The deep south of our traversing area is a difficult place to track animals. Hard road surfaces, long grass as far as the eye can see and scant game paths often leave one scratching one’s head, trying to work out where on earth the predators you are looking for have hidden themselves.
It is in this area however, that one of Londolozi’s most elusive lion prides provides us with occasional drama. The Southern or Selati Pride sometimes poke their noses into our property from the reserves south of us, so it was with great excitement that we received reports of them lying up one evening at a prominent waterhole.
Two Londolozi rangers headed down there early the next morning to try and find them, but three hours of tracking revealed little else but some dusty footprints, a totally consumed zebra carcass, and one slightly scruffy hyena sniffing about. The lions’ tracks headed back over the boundary, so it was to our great surprise that late that same evening, they had crossed back onto our property, and were spotted by tracker Andrea Sithole.
Doubting they would still be there in the morning, we nevertheless returned to the scene, and as we expected, only tracks in the sand heading south over the boundary revealed that they had ever been there.
While scouring the surrounding roads in the hope that they might still be around, we received a radio call from ranger Dean Smithyman that he and tracker Freddy Ngobeni had heard the sound of lions fighting to the east of us. Three vehicles immediately moved into the area, and within half an hour the pride had been found, far to the north of where we expected them to be, outside their usual territory, deep in the territory of the Sparta Pride.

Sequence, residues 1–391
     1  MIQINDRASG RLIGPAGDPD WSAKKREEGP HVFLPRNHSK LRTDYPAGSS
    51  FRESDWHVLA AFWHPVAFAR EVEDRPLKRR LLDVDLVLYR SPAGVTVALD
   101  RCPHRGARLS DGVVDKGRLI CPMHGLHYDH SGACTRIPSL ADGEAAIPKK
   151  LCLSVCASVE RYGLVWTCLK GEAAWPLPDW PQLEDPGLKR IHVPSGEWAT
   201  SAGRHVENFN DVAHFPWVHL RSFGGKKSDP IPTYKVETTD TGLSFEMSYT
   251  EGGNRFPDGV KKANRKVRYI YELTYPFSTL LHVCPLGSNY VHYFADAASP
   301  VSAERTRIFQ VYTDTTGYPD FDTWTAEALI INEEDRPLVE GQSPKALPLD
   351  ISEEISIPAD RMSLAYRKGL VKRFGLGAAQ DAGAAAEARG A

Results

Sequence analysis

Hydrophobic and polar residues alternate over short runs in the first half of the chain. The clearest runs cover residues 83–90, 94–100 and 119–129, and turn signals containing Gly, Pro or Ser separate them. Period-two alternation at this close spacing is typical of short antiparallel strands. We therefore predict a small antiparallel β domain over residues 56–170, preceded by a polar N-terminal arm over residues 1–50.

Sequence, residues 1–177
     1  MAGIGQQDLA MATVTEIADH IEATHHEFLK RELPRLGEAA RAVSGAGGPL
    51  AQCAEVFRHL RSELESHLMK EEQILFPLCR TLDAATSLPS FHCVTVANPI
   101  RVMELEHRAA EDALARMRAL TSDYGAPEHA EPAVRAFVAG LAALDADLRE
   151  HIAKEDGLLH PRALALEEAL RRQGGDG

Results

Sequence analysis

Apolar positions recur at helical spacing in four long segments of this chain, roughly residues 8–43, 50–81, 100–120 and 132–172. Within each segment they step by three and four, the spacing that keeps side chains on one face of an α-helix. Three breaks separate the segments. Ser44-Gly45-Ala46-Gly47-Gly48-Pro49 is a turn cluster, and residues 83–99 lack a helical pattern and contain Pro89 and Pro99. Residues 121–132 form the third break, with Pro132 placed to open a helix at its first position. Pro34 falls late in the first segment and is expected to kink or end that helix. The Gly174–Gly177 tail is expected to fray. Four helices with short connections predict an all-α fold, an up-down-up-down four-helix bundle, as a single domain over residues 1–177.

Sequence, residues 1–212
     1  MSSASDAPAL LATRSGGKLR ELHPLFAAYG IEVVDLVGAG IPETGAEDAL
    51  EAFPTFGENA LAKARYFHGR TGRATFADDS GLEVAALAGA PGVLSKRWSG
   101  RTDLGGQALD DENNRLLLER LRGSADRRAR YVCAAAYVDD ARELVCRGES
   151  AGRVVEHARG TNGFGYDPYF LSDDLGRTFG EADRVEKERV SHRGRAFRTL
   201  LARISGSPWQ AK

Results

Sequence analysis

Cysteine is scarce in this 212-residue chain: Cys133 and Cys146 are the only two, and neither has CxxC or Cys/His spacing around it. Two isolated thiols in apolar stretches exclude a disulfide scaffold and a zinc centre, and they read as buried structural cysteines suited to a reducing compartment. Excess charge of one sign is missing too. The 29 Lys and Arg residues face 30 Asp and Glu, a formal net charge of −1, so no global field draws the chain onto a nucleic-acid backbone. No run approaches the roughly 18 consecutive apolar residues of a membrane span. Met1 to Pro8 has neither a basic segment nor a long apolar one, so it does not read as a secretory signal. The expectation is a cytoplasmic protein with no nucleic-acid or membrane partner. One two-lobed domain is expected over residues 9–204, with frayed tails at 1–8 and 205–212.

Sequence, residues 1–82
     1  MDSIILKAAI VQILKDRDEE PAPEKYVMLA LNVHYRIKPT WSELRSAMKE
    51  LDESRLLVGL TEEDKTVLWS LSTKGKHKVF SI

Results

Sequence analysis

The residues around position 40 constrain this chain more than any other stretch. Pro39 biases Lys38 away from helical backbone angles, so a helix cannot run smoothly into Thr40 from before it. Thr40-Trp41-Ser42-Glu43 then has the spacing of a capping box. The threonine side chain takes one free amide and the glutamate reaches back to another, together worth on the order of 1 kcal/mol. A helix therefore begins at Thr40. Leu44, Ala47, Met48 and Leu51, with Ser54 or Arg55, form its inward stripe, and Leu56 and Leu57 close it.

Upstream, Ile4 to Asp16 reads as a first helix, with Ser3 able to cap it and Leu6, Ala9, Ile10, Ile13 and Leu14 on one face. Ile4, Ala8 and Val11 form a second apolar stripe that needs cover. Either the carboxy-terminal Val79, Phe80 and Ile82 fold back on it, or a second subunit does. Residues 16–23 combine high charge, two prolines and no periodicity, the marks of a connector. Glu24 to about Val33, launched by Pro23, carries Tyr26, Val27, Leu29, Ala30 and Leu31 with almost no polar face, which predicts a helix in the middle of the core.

We will never know what the reason for the growling and snarling was. Had the two enormous male lions with the pride (known as the Kruger Males) had a run-in with the Majingilane coalition? Had the pride been fighting over a kill? Blood on the nose of one of the males and a cut on a lionesses’ flank were the only clues as they headed steadily back to more familiar ground in the South. We were content to let the mystery lie, and simply enjoy an exquisite morning with the largest lion pride currently in the Sabi Sand.
Written and Photographed by: James Tyrrell